Research Papers:

SWI/SNF complexes are required for full activation of the DNA-damage response

Stephanie L. Smith-Roe _, Jun Nakamura, Darcy Holley, Paul D. Chastain, Gary B. Rosson, Dennis A. Simpson, John R. Ridpath, David G. Kaufman, William K. Kaufmann and Scott J. Bultman

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Oncotarget. 2015; 6:732-745. https://doi.org/10.18632/oncotarget.2715

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Stephanie L. Smith-Roe1,5, Jun Nakamura2, Darcy Holley1, Paul D. Chastain II3,4, Gary B. Rosson1, Dennis A. Simpson3, John R. Ridpath3, David G. Kaufman3, William K. Kaufmann3, Scott J. Bultman1

1Department of Genetics and Lineberger Comprehensive Cancer Center, University of North Carolina, Chapel Hill, NC, USA

2Department of Environmental Sciences and Engineering, University of North Carolina, Chapel Hill, NC, USA

3Department of Pathology and Laboratory Medicine, University of North Carolina, Chapel Hill, NC, USA

4Department of Biomedical Sciences, William Carey University, Hattiesburg, MS, USA

5Current address: Division of the National Toxicology Program, NIEHS, Research Triangle Park, NC, USA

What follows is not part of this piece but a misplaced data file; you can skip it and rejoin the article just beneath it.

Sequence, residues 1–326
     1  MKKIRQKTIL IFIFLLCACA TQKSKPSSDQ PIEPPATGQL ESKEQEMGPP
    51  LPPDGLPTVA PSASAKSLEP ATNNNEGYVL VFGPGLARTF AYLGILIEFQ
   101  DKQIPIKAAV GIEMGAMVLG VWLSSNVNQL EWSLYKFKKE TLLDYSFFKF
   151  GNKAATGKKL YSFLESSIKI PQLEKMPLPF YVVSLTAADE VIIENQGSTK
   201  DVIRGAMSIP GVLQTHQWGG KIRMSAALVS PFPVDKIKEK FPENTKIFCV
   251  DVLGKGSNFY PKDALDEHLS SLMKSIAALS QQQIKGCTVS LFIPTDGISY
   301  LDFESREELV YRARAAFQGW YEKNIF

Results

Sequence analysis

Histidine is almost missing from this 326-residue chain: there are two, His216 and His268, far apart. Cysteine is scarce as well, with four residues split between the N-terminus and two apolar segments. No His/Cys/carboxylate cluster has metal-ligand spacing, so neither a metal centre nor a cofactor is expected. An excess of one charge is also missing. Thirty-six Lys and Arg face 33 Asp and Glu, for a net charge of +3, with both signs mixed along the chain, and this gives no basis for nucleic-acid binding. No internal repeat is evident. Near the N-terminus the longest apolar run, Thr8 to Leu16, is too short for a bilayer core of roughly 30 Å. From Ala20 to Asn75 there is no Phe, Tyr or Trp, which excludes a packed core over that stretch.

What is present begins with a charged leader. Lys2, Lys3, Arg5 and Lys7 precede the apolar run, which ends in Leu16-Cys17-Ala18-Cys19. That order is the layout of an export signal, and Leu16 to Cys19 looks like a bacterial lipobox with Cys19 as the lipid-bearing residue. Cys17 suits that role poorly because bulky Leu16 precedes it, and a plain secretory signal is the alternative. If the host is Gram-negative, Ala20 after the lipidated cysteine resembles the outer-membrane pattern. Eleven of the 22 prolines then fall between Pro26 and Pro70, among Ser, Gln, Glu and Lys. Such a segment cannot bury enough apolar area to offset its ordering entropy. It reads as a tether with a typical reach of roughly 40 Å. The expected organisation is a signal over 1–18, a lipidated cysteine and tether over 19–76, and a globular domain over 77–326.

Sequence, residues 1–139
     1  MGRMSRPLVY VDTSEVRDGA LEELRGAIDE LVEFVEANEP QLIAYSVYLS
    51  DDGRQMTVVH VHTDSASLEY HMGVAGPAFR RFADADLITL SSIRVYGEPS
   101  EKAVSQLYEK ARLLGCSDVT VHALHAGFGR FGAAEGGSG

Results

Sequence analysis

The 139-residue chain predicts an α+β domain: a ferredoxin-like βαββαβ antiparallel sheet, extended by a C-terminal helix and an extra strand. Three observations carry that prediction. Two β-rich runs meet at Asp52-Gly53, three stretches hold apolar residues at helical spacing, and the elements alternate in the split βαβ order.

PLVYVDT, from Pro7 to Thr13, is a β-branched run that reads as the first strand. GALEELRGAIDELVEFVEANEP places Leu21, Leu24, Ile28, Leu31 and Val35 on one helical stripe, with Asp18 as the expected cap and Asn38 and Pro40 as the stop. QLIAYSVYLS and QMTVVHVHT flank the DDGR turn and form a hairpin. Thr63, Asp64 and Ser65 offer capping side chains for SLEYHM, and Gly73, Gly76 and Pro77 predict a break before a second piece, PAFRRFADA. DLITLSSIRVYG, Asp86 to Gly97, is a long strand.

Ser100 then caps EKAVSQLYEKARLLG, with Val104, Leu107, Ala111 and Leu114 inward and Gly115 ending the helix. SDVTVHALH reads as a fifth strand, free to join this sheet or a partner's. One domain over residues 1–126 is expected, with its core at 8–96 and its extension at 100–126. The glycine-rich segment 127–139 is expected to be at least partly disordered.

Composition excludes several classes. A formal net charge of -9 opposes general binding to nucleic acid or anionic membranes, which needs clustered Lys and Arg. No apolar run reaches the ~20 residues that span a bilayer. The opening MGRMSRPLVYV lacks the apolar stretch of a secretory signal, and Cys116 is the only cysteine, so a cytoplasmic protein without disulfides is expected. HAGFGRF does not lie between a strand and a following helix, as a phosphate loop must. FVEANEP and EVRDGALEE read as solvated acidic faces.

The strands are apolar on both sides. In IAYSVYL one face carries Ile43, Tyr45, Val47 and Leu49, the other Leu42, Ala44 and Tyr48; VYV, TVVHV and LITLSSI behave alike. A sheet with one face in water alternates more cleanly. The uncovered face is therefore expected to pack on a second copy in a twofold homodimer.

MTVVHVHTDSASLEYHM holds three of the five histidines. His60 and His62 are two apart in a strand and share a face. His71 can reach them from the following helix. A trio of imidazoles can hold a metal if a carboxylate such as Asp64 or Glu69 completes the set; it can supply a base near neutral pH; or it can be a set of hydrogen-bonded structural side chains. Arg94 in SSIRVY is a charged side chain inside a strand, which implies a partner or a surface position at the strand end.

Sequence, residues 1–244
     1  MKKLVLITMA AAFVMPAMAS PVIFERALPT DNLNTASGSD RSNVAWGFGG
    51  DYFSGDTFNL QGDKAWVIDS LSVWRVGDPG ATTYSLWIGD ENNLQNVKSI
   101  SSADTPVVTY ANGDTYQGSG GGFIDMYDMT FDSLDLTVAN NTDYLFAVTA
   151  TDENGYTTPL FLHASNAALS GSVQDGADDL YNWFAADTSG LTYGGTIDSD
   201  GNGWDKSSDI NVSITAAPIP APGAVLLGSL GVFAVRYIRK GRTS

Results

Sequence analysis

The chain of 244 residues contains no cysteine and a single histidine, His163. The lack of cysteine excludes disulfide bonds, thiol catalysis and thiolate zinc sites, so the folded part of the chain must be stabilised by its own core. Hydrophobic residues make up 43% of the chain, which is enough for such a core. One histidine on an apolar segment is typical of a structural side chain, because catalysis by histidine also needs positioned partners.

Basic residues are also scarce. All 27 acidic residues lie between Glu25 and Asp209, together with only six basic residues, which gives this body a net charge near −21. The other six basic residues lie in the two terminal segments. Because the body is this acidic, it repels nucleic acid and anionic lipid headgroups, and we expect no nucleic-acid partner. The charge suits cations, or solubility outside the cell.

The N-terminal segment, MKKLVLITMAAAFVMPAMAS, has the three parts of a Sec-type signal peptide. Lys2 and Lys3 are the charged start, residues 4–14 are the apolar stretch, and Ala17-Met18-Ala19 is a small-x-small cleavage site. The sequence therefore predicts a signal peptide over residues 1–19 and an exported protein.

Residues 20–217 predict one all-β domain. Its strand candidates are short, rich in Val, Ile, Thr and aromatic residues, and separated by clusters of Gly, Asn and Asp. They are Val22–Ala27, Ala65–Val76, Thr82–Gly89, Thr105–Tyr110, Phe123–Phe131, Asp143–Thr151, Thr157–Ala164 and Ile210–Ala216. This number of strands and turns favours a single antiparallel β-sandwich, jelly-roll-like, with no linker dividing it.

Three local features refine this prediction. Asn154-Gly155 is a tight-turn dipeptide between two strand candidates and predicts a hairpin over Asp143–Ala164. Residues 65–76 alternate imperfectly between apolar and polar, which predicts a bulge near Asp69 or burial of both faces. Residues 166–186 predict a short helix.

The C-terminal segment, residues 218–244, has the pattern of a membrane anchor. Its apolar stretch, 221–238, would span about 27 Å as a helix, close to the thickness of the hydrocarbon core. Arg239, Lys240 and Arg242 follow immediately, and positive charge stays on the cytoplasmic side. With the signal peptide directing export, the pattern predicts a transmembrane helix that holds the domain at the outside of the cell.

Correspondence to:

Scott J. Bultman, e-mail: Scott_Bultman@med.unc.edu

Keywords: BRG1, BRM, tumor suppression, DNA damage response, chemotherapeutics

Received: September 29, 2014     Accepted: November 09, 2014     Published: January 07, 2015


SWI/SNF complexes utilize BRG1 (also known as SMARCA4) or BRM (also known as SMARCA2) as alternative catalytic subunits with ATPase activity to remodel chromatin. These chromatin-remodeling complexes are required for mammalian development and are mutated in ~20% of all human primary tumors. Yet our knowledge of their tumor-suppressor mechanism is limited. To investigate the role of SWI/SNF complexes in the DNA-damage response (DDR), we used shRNAs to deplete BRG1 and BRM and then exposed these cells to a panel of 6 genotoxic agents. Compared to controls, the shRNA knockdown cells were hypersensitive to certain genotoxic agents that cause double-strand breaks (DSBs) associated with stalled/collapsed replication forks but not to ionizing radiation-induced DSBs that arise independently of DNA replication. These findings were supported by our analysis of DDR kinases, which demonstrated a more prominent role for SWI/SNF in the activation of the ATR-Chk1 pathway than the ATM-Chk2 pathway. Surprisingly, γH2AX induction was attenuated in shRNA knockdown cells exposed to a topoisomerase II inhibitor (etoposide) but not to other genotoxic agents including IR. However, this finding is compatible with recent studies linking SWI/SNF with TOP2A and TOP2BP1. Depletion of BRG1 and BRM did not result in genomic instability in a tumor-derived cell line but did result in nucleoplasmic bridges in normal human fibroblasts. Taken together, these results suggest that SWI/SNF tumor-suppressor activity involves a role in the DDR to attenuate replicative stress and genomic instability. These results may also help to inform the selection of chemotherapeutics for tumors deficient for SWI/SNF function.

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